Henri Barbusse (Stalin, 1935)

Can any self be fixed on the page for more than a few moments – or is the truest sense of character caught only on the move?

          Boyd Maunsell (Portraits From Life, 2018)

To perhaps consider this book a testament to analytical thoroughness, would be an understatement. To perhaps consider it as a biography of someone who was forever on the move – having wrought both undeniable (social) change and suffering to the largest landmass on the planet – might just as equally evolve unto colossal understatement.

Having not long read Boyd Maunsell’s Portraits From Life, I cannot help but feel that it is increasingly and idiosyncratically clear that ”there is far too much of life to be contained in any narrative.” Wherein many ”biographers cherish the illusive essences which define characters […]. A character can be caught in a sentence or phrase, or it can be endlessly redrawn over hundreds of pages” (Oxford University Press).

At 909 pages – excluding the most extensive Notes and Bibliography I have ever come across (not to mention a Preface, List of Maps, Credits and Index) – Stalin: Waiting For Hitler – 1928-1941 is surely to be read with an underlying knowledge that its author, Stephen Kotkin, has approached his subject with all the adroit acumen one would normally associate with a propulsive quest for the truth. A quest, which, given the most complex of ideological barbarity to which its subject wholeheartedly subscribed, really, really is no mean feat.

Kotkin himself concludes the end of the first chapter (‘Equal to the Myth’) with the words: Stalin was a myth, but he proved equal to the myth.”

Just as the unspeakably unpleasant, if not grotesque excuse for a president, Donald Trump, currently proves equal to that of his own egocentric, inflammatory folly; Stalin most definitely proved equal to the myth of his own (nigh impeccable) design. As if some sort of perplexing providence were enjoying a field day of reflexive history. A deadly, tempestuous hybrid of history at that: ”Like the twisted spine of Shakespeare’s Richard III, it is tempting to find in such deformities the wellsprings of bloody tyranny: torment, self-loathing, inner rage, bluster, a mania for adulation.”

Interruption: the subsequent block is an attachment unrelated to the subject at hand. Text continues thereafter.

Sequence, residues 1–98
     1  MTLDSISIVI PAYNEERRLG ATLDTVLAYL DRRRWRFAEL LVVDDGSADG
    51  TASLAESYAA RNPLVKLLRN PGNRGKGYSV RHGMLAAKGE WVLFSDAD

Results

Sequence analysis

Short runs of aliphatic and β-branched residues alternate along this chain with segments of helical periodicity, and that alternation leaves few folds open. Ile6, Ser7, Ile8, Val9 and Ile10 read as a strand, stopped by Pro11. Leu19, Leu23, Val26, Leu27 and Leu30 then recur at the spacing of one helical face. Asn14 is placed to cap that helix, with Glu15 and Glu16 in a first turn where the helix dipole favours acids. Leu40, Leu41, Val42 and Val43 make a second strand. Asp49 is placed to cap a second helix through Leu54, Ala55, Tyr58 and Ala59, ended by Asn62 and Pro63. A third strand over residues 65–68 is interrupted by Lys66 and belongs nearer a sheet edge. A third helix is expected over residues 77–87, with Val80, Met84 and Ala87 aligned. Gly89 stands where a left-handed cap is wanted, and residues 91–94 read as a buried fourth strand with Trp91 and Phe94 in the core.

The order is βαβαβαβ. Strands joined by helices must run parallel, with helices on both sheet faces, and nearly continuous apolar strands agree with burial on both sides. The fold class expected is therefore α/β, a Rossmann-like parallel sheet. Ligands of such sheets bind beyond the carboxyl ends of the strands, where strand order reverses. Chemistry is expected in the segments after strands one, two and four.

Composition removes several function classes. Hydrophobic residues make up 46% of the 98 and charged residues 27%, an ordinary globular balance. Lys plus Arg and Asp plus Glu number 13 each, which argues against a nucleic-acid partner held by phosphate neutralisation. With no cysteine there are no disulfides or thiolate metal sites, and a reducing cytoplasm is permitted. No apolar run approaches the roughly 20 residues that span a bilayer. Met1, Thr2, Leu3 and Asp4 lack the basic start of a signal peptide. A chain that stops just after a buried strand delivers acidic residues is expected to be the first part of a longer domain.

‘A mania for adulation,’ which, much like today’s Trump, was in and of itself, a self-perpetuating myth; wholeheartedly stepped within the colossal realm of far too much considered violence and vendetta. Although the prime difference betwixt Stalin and Trump is that the former ”radiated charisma” (albeit ”the charisma of dictatorial power”).

As much partially explains why one cannot help but agree with The Times‘ George Walden, when he writes: ”one of the tragedies of Kotkin’s book is its eerie and troubling relevance today.” Indeed.

With immense authority and terrific aplomb, Stephen Kotkin has herein written and compiled perhaps the benchmark of a work, by which all other works on the subject will surely be compared – for many years to come.

Compartmentalized into three distinct parts (‘Equal To The Myth,’ ‘Terror As Statecraft’ and ‘Three-Card Monte’), along with a Coda (‘Little Corner, Saturday, June 21, 1941’) each of these fourteen chapters bequeath the reader with yet another saga over which Stalin fundamentally presided.